Artificial intelligence: can AI save the world?

7.00pm to 8.30pm, Tuesday 9 October

The Theatre

The Royal Institution of Great Britain GB United Kingdom W1S 4BS 21 Albemarle Street London

This event has already taken place

  • Credit: Royal Society of Biology


Standard £16


Concession £10


Ri Members and Ri Patrons £7

Event description

The inclusion of self-learning algorithms into systems that underpin modern life could help us address many of the global challenges society faces. But they also carry risks that may have devastating results. Can AI truly save the world, or is it too risky to depend on machine learning to solve our problems?

This event is presented in partnership with the Royal Society of Biology, the Biochemical Society and the British Pharmacological Society for Biology Week 2018. Biology Week 2018 is from 6th-14th October and showcases the important and amazing world of the biosciences, getting everyone from children to professional biologists involved in fun and interesting life science activities. 

About the speakers

Ji Zhou's team focuses on developing novel high-throughput bioimage informatics algorithms and software solutions using computer vision, feature extraction and machine learning. He has been leading a number of key plant phenomics research projects including JIC's high-throughput field phenotyping platform based on HPC infrastructures at EI, cost-effective infield phenotyping device (CropQuant) to monitor wheat growth, and large automated screening platforms (SeedGerm) to quantify seed germination and seedling vigour. His research endeavours to overcome the phenotyping bottleneck in agricultural and crop research.

A Aldo Faisal is a Senior Lecturer in Neurotechnology (US equivalent: Associate Professor, tenured) jointly at the Dept. of Bioengineering and the Dept. of Computing at Imperial College London. He is also Associate Group Head at the MRC Clinical Sciences Center (Hammersmith Hosptial) and is affiliated facultyat the Gatsby Computational Neuroscience Unit (University College London).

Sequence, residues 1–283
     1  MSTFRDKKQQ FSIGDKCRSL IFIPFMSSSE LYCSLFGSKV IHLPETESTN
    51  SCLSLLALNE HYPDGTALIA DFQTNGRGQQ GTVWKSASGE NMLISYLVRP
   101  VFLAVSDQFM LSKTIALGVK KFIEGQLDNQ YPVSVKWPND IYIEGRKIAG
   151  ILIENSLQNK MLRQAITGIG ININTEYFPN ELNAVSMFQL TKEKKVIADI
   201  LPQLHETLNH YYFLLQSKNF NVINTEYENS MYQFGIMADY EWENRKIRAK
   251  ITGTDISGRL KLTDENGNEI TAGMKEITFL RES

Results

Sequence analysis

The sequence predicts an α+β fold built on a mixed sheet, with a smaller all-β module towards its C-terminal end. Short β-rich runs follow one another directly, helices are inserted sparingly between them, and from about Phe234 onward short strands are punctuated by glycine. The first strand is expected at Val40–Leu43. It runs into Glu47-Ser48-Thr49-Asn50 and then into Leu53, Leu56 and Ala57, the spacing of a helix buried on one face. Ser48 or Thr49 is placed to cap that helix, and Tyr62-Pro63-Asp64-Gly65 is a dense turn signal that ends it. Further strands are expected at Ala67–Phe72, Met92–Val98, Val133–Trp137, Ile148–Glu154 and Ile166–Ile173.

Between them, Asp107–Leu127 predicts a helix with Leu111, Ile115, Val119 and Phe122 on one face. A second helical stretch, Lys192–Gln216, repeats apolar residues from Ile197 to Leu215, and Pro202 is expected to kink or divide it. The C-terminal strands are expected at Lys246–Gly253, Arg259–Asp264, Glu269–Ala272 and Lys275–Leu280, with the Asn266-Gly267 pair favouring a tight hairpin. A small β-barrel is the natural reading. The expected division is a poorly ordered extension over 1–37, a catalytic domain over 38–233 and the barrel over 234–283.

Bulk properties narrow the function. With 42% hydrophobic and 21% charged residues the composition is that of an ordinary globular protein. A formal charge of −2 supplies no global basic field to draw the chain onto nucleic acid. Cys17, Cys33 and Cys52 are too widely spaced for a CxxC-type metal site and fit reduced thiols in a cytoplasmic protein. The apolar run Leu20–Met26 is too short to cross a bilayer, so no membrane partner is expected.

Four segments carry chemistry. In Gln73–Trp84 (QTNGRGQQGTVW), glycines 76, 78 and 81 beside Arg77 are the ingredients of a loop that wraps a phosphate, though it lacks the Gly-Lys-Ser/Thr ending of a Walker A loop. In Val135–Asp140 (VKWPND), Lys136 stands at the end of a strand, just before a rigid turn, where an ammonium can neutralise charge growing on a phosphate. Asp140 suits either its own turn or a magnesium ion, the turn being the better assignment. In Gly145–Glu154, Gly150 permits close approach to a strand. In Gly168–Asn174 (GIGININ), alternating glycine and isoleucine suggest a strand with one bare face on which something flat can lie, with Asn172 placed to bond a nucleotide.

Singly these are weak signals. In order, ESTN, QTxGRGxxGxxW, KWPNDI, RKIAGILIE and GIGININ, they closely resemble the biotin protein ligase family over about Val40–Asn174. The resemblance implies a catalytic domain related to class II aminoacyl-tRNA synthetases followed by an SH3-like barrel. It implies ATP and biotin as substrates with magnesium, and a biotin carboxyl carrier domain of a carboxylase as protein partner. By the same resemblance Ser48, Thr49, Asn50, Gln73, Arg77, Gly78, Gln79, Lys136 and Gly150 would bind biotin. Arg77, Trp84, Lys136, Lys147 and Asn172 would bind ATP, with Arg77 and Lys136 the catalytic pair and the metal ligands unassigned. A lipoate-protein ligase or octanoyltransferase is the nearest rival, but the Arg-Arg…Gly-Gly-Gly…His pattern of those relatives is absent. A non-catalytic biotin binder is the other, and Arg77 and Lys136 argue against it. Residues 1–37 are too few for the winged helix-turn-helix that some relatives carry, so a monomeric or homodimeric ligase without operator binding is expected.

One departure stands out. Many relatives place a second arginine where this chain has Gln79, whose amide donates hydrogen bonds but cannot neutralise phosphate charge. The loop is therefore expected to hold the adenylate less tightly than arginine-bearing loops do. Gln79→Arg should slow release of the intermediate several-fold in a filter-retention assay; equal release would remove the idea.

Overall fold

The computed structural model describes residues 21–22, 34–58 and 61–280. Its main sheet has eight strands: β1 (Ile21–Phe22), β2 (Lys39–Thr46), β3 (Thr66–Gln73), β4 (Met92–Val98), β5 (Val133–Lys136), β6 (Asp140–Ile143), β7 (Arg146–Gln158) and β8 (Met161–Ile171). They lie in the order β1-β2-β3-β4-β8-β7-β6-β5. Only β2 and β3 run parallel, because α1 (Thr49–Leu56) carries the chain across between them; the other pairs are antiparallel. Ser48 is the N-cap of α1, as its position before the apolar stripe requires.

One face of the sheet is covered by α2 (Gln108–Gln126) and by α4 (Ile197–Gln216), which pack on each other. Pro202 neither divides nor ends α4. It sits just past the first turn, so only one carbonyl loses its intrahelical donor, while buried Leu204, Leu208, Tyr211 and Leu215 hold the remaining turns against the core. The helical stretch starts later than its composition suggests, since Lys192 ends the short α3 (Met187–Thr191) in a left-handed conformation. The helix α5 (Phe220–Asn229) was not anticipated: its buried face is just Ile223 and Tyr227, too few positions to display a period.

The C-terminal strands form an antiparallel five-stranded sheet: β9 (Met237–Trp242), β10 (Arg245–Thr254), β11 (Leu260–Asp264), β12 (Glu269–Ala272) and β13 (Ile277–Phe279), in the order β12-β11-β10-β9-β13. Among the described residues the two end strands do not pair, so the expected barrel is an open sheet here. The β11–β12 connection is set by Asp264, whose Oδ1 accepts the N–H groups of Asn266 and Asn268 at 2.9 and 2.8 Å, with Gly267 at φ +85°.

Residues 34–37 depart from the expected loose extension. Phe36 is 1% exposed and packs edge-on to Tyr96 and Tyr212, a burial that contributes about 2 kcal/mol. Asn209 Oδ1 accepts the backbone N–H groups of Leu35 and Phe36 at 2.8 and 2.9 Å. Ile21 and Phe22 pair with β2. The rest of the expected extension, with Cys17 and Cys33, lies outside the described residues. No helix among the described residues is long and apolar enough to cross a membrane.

Maja Pantic is a Professor of Affective and Behavioral Computing and leader of the i·BUG group, working on machine analysis of human non-verbal behaviour and its applications to human-computer, human-robot, and computer-mediated human-human interaction. Prof. Pantic published more than 250 technical papers in the areas of machine analysis of facial expressions, machine analysis of human body gestures, audiovisual analysis of emotions and social signals, and human-centered machine interfaces. She has more than 20,000 citations to her work, and has served as the Key Note Speaker, Chair and Co-Chair, and an organization/ program committee member at numerous conferences in her areas of expertise.

Nasir M Rajpoot is Professor in Computer Science at Warwick, where he started his academic career as an Assistant Professor in 2001, and the Royal Society Wolfson Research Merit Award holder since Sep 2017. He holds an Honorary Scientist position and serves as the Academic Lead for Digital Pathology Centre of Excellence at the University Hospitals Coventry & Warwickshire NHS Trust. Rajpoot is the founding Head of Tissue Image Analytics (TIA) lab at Warwick since 2012. The focus of current research in his lab is on developing novel computational pathology algorithms for improved cancer diagnostics and better stratification of cancer patients.  

Your chair for the evening is Aarathi Prasad. She is the author of 'In the Bonesetter's Waiting Room: travels through Indian medicine' which was featured as BBC Radio 4 Book of the Week and won the Popular Medicine Award at the BMA Awards 2017; and 'Like A Virgin: how science is redesigning the rules of sex'. She was a contributing author to 'What the Future Looks Like: Scientists Predict the Next Great Discoveries―and Reveal How Today’s Breakthroughs Are Already Shaping Our World', edited by Professor Jim Al-Khalili; and has written for a number of publications including the GuardianProspectWiredThe Lancet, Vogue, ElleThe Telegraph and Scientific American.


The doors will open at approximately 6.30pm, with a prompt start at 7.00pm. There will be time for questions after the talk.

Latecomers will be admitted into the gallery.

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